In many ways, the president’s stunt last night—with its mix of shallow credal signaling and brutish force—was emblematic of his appeal to the religious right. As I’ve written before, most white conservative Christians don’t want piety from this president; they want power. In Trump, they see a champion who will restore them to their rightful place at the center of American life, while using his terrible swift sword to punish their enemies.
Read: This is how Trump wants to be seen
This dynamic was on vivid display throughout the night. Even as cities across the country once again spiraled into chaos, prominent conservative evangelicals cheered Trump’s performance on Twitter.
“I don’t know about you but I’ll take a president with a Bible in his hand in front of a church over far left violent radicals setting a church on fire any day of the week,” wrote David Brody, a news anchor at the Christian Broadcasting Network. (Trump selected St. John’s, which has hosted presidents since James Madison for worship services, because protesters had set a fire in its nursery the night before.)
“I will never forget seeing [Trump] slowly & in-total-command walk … across Lafayette Square to St. John’s Church defying those who aim to derail our national healing by spreading fear, hate & anarchy,” wrote Johnnie Moore, the president of the Congress of Christian Leaders.
In an email to me, Ralph Reed, the chairman of the Faith and Freedom Coalition, heaped praise on Trump for his visit: “His presence sent the twin message that our streets and cities do not belong to rioters and domestic terrorists, and that the ultimate answer to what ails our country can be found in the repentance, redemption, and forgiveness of the Christian faith.”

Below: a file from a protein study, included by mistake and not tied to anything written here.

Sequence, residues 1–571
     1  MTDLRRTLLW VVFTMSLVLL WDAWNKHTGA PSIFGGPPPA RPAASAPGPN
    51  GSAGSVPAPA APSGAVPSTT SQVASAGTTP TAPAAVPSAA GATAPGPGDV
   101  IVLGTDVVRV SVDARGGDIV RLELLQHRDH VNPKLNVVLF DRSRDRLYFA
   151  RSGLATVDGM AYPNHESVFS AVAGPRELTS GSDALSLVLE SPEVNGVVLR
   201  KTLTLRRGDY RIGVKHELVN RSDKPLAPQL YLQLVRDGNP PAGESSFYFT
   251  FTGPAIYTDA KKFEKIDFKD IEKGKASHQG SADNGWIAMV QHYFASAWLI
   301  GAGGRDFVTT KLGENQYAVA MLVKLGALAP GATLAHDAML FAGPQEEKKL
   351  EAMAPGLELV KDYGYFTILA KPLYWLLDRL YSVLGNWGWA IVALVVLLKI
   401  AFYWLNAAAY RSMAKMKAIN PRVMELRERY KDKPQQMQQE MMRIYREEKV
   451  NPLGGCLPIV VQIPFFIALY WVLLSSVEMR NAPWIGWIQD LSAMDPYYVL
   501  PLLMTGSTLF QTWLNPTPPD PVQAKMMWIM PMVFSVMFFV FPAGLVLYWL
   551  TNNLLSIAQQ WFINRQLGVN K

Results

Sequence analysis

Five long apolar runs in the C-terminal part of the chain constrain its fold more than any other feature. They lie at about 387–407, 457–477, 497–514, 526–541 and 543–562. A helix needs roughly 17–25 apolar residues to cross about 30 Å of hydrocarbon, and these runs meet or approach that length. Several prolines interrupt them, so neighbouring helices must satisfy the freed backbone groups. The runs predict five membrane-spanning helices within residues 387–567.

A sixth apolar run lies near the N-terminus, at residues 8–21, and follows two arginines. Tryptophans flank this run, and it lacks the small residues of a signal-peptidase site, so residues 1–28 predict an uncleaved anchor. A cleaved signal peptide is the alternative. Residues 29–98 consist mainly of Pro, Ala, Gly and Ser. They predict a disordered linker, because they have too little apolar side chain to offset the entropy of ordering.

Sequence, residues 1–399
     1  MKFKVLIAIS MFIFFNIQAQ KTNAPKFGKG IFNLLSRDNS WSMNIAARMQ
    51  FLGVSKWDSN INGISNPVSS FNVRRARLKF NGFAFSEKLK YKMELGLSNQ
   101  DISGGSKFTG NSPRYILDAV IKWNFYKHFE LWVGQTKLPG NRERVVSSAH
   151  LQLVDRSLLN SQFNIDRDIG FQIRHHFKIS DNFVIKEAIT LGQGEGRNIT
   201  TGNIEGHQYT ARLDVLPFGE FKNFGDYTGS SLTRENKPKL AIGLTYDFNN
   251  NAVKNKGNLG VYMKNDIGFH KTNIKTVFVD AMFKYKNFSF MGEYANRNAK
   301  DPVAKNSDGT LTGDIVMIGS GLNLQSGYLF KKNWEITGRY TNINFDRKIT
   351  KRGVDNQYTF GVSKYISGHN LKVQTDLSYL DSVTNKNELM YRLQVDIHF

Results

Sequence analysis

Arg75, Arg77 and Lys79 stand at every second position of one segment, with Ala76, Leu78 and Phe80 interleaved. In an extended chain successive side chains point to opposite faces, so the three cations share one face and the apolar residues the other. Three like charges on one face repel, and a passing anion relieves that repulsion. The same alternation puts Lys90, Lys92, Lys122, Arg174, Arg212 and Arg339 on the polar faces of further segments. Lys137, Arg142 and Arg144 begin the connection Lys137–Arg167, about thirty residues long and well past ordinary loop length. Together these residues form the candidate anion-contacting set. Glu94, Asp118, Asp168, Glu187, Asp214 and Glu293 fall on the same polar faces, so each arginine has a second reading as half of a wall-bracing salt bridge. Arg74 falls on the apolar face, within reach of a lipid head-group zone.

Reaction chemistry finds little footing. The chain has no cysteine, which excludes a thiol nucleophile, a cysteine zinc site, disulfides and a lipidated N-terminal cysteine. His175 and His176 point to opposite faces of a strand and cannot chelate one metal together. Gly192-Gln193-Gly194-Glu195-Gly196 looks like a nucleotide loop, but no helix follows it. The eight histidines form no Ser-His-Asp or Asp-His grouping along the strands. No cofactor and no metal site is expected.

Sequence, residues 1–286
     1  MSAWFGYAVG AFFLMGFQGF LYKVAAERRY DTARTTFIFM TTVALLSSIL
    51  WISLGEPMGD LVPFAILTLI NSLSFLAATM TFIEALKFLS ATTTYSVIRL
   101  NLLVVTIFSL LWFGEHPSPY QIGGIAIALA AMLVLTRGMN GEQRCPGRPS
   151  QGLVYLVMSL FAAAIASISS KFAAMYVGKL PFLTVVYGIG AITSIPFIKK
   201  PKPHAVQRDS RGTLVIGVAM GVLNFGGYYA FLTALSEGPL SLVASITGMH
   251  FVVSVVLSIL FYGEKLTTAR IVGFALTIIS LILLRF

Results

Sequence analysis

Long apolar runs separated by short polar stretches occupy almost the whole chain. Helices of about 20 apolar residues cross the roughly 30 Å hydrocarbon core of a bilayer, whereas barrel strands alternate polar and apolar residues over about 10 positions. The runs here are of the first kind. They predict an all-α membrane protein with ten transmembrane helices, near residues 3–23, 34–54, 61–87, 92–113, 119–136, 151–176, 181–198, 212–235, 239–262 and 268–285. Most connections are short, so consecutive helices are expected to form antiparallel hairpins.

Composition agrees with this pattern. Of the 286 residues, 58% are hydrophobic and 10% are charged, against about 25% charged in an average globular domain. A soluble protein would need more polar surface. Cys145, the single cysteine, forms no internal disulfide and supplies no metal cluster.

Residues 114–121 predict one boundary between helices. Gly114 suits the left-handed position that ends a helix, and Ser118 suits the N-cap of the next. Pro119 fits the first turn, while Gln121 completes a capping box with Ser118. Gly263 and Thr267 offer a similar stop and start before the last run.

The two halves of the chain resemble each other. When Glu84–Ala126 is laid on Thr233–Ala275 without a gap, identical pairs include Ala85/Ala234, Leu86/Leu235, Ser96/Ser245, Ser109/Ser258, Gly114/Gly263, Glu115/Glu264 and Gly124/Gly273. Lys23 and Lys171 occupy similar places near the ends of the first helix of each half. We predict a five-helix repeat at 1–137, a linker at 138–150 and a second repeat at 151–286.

Andrew Whitehead, a sociologist at Clemson University, has argued that Trump’s religious base can best be understood through the lens of Christian nationalism. In his research, Whitehead has found that white Protestants who believe most strongly that Christianity should hold a privileged place in America’s public square are more likely than others to agree with statements such as “We must crack down on troublemakers to save our moral standards and keep law and order” and “Police officers shoot blacks more often because they are more violent than whites.”
Whitehead told me in an interview that Christian nationalism is often not really about theology (and thus can’t be ascribed to all conservative churchgoers): “It’s about identity, enforcing hierarchy, and order.”
That Trump’s religious posturing has little to do with religion has long been a matter of conventional wisdom (see: Corinthians, Two); fewer have grasped the extent to which that’s true of Trump’s “religious” base as well.
Read: History will judge the complicit
After the president’s unannounced visit to St. John’s, Mariann Budde, the Episcopal bishop of Washington, D.C., gave an outraged interview to The Washington Post. “Everything he has said and done is to inflame violence … We need moral leadership, and he’s done everything to divide us, and has just used one of the most sacred symbols of the Judeo-Christian tradition,” she said.